C: The proposed solar energy gain in the house will be in the form of passive light entering the house through approximately 70 sq.ft. of glazing from the SE facing windows. We plan to have a concrete or tile floor with embedded radiant heat coils. Thanks but an L shaped house is not possible in our situation. My question is this: If the fluid in the radiant coils in the floor is circulated continuously, thus drawing heat away from the area actually receiving direct sunlight from the SE windows, would this effectively increase the thermal mass of the floor alone and increase the efficiency of the system?

A: (Daniel Chiras) Thanks for the clarification. I see what you are saying. I'd have to see the floor design and study the orientation of the house to answer this question fully and accurately. In general, however, your idea seems sound. Fluid in radiant coils in the floor would draw heat away from the mass and distribute it elsewhere, effectively increasing thermal mass and moving heat to locations where it is needed. However, the efficacy of this design depends on the angle. That is, if the wall containing the solar glazing is pointed too much to the east, you're just not going to get that much solar gain. You would probably be better off mounting some solar hot air panels on the roof of the house or on the ground nearby (and orienting them properly) or mounting some solar hot water panels and using that heat to charge the floor mass in your house (through an in-floor heating system). Again, though, I hate to give this kind of advice without studying the site plan and a floor plan of the house.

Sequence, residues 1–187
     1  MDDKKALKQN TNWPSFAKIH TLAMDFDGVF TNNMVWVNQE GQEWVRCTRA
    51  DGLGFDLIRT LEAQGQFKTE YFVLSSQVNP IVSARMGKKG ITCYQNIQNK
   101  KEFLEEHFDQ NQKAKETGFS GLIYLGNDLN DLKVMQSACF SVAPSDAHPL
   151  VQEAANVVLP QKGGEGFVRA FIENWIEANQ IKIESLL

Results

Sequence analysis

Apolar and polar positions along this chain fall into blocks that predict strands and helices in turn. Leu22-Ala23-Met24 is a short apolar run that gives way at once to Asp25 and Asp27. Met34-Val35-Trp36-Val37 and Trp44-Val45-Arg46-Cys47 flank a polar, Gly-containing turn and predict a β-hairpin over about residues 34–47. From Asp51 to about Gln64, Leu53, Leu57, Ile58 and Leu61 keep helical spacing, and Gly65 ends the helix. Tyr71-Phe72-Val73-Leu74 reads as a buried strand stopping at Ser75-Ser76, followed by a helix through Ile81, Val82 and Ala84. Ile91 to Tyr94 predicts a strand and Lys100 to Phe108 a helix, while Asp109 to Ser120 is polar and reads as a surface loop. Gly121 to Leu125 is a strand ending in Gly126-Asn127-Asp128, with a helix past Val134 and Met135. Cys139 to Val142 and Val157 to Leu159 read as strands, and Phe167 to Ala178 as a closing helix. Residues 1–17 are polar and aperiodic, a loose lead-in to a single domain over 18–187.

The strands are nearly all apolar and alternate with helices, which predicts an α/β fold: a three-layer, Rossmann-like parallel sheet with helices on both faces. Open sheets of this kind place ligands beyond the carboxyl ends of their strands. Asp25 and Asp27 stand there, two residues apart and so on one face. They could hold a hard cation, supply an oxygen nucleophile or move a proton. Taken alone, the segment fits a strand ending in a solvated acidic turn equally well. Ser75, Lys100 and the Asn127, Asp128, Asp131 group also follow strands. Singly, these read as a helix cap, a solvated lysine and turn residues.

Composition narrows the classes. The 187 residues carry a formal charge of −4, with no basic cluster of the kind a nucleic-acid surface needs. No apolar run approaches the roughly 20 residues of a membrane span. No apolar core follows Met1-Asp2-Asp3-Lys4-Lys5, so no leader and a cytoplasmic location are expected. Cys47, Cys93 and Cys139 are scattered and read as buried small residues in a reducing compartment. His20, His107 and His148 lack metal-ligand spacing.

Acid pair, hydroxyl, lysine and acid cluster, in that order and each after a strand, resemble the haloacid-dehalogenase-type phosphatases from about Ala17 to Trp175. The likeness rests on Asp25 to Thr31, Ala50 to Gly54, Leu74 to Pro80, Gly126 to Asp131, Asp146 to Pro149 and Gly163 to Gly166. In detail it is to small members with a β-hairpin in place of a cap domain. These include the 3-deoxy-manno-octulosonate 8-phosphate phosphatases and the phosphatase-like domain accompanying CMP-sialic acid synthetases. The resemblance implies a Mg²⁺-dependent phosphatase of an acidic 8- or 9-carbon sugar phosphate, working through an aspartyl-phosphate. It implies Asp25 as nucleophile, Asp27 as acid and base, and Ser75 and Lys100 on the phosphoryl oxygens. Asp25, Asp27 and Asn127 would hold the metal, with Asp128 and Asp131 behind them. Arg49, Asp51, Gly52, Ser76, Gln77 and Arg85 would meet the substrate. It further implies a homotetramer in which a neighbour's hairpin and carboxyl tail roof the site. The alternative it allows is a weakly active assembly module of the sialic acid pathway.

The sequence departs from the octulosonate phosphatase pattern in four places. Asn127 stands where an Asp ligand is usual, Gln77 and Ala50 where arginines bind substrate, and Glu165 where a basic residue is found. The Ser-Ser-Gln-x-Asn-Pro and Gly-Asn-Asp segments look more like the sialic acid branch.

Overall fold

C: Here is a solar hot air system concept:. A 2 inch space is created between a sub roof and the metal roof using 2x2's running both horizontal and vertical. The horizontals are made to allow hot air flow toward the peak by drilling holes in the 2x2's in increasingly larger diameters in the horizontals closest to the peak to encourage a stronger flow. The peak has connecting duct that uses a photovoltaic connected to a fan that forces the hot air down into the thermal mass buried in the foundation. To encourage heating of the mass exit ducting recirculates the cooled air on the opposite side of the mass back into the roof.